A couple of weeks ago, a newly required SEC disclosure we made in our 10Q created some noise about how Coinbase holds crypto assets and what could happen in the highly unlikely event of the company’s insolvency. This led to some genuine concern among people who hold crypto assets on Coinbase.
Even though customer assets have always been protected, we know this was scary — especially in a down market. We want to share how we’re keeping your assets safe today and in the future:
Your funds are your funds, and your crypto is your crypto: Coinbase maintains internal systems, like a bank or a broker. Our fully audited ledger identifies your account, your fiat and crypto holdings, and tracks your account activity in real time. There’s never a situation where customer funds could be confused with corporate assets.
We will never repurpose your funds: We do not lend or take any action with your assets, unless you specifically instruct us to. Many banks and financial institutions use customer funds for commercial purposes including lending and trading, meaning that they often hold only a fraction of their customer assets at any given time. Coinbase always holds customer assets 1:1. This means that funds are available to our customers 24 hours a day, 7 days a week, 365 days of the year.
We have clarified our Retail User Agreement: We have always protected our customer funds both legally and physically. We also recently updated our Retail User Agreement to expressly highlight the applicability of UCC Article 8 — the same legal protection that our institutional clients also rely on to protect their assets in the event of a custodian bankruptcy. This is not a change in how we do business. We believe that digital assets in our custody have always been Article 8 financial assets, but have clarified this so that there will not be any doubt.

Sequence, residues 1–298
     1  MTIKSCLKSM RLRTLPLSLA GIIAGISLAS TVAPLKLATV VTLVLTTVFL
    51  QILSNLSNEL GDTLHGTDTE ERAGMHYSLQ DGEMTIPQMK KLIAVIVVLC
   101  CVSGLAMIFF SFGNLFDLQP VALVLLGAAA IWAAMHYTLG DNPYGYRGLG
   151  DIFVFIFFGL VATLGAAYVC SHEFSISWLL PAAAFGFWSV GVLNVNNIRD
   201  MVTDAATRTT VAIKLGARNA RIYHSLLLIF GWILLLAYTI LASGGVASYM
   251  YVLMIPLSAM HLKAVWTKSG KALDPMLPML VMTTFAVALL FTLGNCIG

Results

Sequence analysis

We hope that the clarifications above provide you — our customer — with confidence and clarity. We apologize for the confusion around the disclosure. Even though it was in response to guidance applicable to any publicly traded crypto custodian from an important regulator, it caused unnecessary uncertainty and anxiety.
The crypto space is a dynamic one, and we will always seek to use the best structures to ensure that our clients’ assets are managed in the safest way possible.
As Brian with our teams a couple weeks ago, volatility in crypto — or any market — is inevitable. We can’t control it, but we do plan for it. That’s why, through the ups and downs of crypto over the last 10 years, Coinbase has focused on building — scaling through the highs and innovating through the lows.
Nothing about Coinbase has changed. If anything, we’re in an even stronger position than we were a few months, or a year ago — and we’ll keep working to be the simplest, most trusted way for people to get involved in crypto. #Longlivecrypto
About Paul Grewal
Paul Grewal is the Chief Legal Officer of Coinbase where he is responsible for Coinbase’s legal, compliance, global intelligence, risk management and government relations groups. Before joining Coinbase, Paul was Vice President and Deputy General Counsel at Facebook. Prior to Facebook, Paul served as United States Magistrate Judge for the Northern District of California. Paul was previously a partner at Howrey LLP, where his practice focused on intellectual property litigation. Paul served as a law clerk to Federal Circuit Judge Arthur J. Gajarsa and United States District Judge Sam H. Bell. He received his JD from the University of Chicago Law School and his BS in Civil and Environmental Engineering from the Massachusetts Institute of Technology.